Collection GalleryThe 4th Collection Gallery Exhibition 2015-2016 (235 works in all)
The 4th Collection Gallery Exhibition 2015-2016 (235 works in all)
10. 7 (Wed.) - 12. 6 (Sun.), 2015
First Period : October 7 (Wed.) - November 8 (Sun.), 2015
Second Period : November 10 (Tue.) - December 6 (Sun.), 2015
The fourth collection gallery exhibition of this year features exhibits with a variety of themes, in addition to two exhibitions entitled "Curatorial Studies 09" and "Special Feature: Modern Crafts in Kyoto."
“Curatorial Studies” is a small-scale special exhibition in which our curators present the results of their studies of specific themes in cooperation with artists and other parties, including researchers.
This time, we have focused on the textile designs of Felice "Lizzi" Ueno-Rix, who was born and worked at the Vienna Workshop (Wiener Werkstätte) in Vienna, moved to Japan with her Japanese architect husband, and played a very active role in design activities and education in Kyoto. This is a comprehensive introduction to Ueno-Rix's artwork, which was realized thanks to the kind cooperation of the Planning Department of the Osaka New Museum of Art which holds numerous works and materials related to her activities in Vienna.
Between 1998 and 2001, we held an exhibition entitled “Crafts in Kyoto” which featured the transition of crafts in Kyoto from their dawn and infancy period to the post-war and current periods when a metamorphosis of crafts occurred. This time, in the section “Special Feature: Modern Crafts in Kyoto,” we once again try to verify the diversity of modern-contemporary crafts in Kyoto by focusing on masterpieces of pottery, textiles and lacquerware.
As the last chapter of the special exhibition “Rinpa Image” being held on the third floor in the same period, “Spreading Rinpa Image” presents the collage cut-outs woodblock print, “JAZZ,” by Henri Matisse. Matisse placed "decoration/decorativeness" in the center of his art, but his concept of “decoration” was not merely “ornamental.” He believed that formative elements such as colors or lines were not subordinate to the theme of the painting, but were able to play active roles in the painting by responding to its theme. As a result, three-dimensionality is lost as an illusion, and his pictures were transformed into flat surfaces with wriggling colors and lines, then ultimately became cut-out works such as “JAZZ.” His experimental efforts are recognizable throughout his paintings, prints and illustrations.
The Nihonga (Japanese-style painting) section features Ink paintings. Historically called “Nanga (the Southern school of Chinese painting)” or “Bunjin-ga (Literati painting),” these Ink paintings are created by utilizing mainly black ink as the medium of expression, even though some pale coloring might sometimes be inserted. The Nanga style was derived from the Southern Sung Dynasty paintings. The popularity of these paintings, and the high regard of the Literati spirit became widespread in Japan after the mid-Edo period, when painters such as Ike Taiga and Yosa Buson perfected the unique Japanese style of Nanga expression. In the late Edo period, it developed into one of the biggest schools of paintings in Japan, with painters such as Urakami Gyokudo and Tanomura Chikuden at the center. However, its expressions became too stereotyped, and it was ultimately rejected as an old, outdated school of painting, even being referred to by a contemptuous nickname by Okakura Tenshin in the Meiji Period. Many painters such as Tomioka Tessai, Yamaguchi Hachikushi and Mizukoshi Shonan, who are featured in this section, made great contributions to the reinstatement of the Nanga style. Their various achievements are presented in the first and second periods of the exhibition.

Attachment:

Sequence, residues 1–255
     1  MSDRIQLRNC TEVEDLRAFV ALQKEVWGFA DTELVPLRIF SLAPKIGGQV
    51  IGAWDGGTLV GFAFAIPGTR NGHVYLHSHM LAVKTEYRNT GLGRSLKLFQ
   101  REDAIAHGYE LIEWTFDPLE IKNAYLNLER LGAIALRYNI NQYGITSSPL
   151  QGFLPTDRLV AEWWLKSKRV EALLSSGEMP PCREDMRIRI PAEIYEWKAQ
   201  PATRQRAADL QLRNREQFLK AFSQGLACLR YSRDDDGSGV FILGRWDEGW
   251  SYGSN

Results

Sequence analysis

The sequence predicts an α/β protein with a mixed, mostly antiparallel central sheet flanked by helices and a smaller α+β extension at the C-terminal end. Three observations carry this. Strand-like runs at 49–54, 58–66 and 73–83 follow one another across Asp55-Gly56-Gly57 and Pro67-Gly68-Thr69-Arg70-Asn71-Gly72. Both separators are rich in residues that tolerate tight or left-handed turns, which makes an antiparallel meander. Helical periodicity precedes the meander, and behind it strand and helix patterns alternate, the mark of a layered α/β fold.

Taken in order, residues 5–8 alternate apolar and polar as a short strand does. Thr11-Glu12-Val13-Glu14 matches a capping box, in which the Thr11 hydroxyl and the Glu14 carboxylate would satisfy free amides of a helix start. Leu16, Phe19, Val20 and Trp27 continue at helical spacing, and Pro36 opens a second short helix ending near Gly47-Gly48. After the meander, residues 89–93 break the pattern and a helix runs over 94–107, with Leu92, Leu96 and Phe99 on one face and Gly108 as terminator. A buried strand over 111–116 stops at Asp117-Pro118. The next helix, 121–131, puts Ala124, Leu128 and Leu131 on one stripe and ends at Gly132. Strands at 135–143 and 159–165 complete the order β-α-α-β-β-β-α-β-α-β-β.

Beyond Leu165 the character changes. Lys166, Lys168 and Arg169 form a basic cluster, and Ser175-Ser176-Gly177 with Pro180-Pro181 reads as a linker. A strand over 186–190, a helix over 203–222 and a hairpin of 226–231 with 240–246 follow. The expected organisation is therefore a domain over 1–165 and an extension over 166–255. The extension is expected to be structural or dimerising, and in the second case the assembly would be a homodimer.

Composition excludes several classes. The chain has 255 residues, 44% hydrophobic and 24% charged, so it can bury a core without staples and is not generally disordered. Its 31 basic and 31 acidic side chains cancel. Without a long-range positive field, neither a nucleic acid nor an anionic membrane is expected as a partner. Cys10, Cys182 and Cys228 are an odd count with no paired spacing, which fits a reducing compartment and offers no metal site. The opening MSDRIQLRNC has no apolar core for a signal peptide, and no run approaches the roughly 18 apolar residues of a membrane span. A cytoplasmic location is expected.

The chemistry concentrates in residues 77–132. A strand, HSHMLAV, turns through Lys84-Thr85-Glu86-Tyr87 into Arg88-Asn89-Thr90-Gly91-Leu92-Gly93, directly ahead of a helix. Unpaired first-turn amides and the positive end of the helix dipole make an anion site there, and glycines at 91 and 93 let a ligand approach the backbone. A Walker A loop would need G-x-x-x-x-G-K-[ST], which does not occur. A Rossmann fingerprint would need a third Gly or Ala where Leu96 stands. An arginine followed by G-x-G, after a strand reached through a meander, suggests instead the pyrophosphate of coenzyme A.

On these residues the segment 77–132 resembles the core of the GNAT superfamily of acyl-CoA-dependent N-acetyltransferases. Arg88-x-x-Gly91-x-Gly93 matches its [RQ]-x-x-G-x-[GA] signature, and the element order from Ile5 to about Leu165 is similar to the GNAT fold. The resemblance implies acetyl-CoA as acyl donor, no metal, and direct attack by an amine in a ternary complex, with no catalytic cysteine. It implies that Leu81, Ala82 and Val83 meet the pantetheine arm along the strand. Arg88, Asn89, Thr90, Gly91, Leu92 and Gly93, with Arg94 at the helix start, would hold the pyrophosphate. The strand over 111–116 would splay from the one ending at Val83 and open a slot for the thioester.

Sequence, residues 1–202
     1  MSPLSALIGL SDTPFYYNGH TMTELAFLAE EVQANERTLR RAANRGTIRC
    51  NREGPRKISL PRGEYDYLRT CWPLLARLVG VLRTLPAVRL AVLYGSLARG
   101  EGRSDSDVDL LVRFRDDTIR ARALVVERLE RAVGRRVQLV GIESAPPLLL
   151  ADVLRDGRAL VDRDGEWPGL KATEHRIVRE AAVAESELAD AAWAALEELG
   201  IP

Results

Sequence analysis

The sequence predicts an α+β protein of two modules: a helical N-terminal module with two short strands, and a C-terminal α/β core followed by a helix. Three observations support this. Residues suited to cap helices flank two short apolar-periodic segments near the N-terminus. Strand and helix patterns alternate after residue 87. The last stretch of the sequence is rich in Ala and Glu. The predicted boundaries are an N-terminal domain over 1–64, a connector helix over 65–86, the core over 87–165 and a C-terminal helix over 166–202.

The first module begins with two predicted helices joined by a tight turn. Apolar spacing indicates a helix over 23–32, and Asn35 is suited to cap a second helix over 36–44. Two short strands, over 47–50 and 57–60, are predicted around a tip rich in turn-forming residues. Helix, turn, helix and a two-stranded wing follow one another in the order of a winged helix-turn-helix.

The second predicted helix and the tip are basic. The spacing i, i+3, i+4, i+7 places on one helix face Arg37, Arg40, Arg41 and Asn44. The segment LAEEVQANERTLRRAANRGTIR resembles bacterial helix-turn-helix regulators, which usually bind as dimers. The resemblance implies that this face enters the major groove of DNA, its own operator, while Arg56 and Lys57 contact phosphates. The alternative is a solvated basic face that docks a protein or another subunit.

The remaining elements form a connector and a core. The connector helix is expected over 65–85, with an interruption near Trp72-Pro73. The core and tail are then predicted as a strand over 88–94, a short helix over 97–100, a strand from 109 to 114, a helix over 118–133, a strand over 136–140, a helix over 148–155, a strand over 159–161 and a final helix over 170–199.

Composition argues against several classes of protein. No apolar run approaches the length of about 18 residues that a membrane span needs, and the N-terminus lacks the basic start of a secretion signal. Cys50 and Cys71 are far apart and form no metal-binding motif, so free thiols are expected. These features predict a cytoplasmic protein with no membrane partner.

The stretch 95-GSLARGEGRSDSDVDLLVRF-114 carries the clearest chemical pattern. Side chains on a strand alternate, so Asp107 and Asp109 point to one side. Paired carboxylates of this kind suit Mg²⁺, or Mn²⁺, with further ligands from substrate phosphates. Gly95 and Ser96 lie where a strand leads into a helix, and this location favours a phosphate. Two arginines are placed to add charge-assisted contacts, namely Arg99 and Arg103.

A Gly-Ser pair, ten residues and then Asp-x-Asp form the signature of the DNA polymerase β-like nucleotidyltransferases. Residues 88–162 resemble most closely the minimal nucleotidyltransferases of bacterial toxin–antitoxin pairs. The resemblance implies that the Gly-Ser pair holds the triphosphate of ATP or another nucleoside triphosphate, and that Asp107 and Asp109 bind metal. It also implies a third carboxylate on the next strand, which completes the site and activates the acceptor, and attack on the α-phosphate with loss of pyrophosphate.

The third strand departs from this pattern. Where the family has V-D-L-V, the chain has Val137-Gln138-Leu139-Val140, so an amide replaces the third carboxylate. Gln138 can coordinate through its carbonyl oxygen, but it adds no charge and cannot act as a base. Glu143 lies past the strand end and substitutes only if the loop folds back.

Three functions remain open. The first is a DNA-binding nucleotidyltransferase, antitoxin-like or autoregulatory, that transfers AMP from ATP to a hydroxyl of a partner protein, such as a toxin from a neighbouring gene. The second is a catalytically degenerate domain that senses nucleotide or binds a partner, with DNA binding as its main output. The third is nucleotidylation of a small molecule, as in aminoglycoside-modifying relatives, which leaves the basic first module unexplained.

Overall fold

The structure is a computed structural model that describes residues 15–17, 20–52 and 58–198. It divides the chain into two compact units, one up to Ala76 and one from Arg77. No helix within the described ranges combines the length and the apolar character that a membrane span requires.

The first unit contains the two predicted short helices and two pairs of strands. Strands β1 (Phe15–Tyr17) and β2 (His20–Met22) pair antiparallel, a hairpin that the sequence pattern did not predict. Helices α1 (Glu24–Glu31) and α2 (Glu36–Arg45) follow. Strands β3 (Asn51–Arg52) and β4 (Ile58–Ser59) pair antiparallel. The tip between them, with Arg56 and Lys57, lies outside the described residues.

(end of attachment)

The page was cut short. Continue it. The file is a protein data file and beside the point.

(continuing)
- Tomioka Tessai,
Embarking on a Raft, 1924
- Tomioka Tessai,
Summer Landscape, 1912
The western-style painting section features the Nika Art Exhibition which commemorated its 100th anniversary this year. The Nika Art Exhibition is an exhibition sponsored by the Nika Association which was established in 1914 by a group of artists who were dissatisfied with the judging at the government-sponsored Bunten Exhibition. From the first exhibition of works by the general public, to such exhibitions as the "Dokuritsu Exhibition" and the "Kodo Art Exhibition" which followed, the history of the Nika Art Exhibition is being explored with our collection.
This year marks the 70th year since the end of the World WarⅡ. Numerous exhibitions related to this milestone event have been held at various Art museums. An exhibition at our museum, entitled “Artists and the War” explores how different artists have expressed their experiences during the War in their work. Robert Capa and W. Eugene Smith went to the war zone as war photographers. Works by Hamada Chimei and Kazuki Yasuo were strongly influenced by their own military experiences and detention in Siberia.
Hannah Höch, an important member of Dadaism in Germany, who was forbidden as a decadent artist from engaging in any artistic activities under the Nazi regime. Materials such as magazines and manifestos produced by the Italian avant-garde artist group “Futurism” clearly show that artistic activities, which should inherently be free, were forced to compromise in a society that was gradually covered by the air of totalitarianism, a fact of history that is indeed thought-provoking.
Themes of Exhibition
- ・Curatorial Studies 09 : Textile Design by Felice "Lizzi" Ueno-Rix, From Vienna Workshop to Kyoto
- ・Paintings and Prints by Henri MATISSE
- ・Modern Ink Paintings
- ・Artists and the War
- ・Special Feature: Modern Crafts in Kyoto
- ・Masterpieces in the Nikakai Art Exhibitions
- ・[Outside] Outdoor Sculptures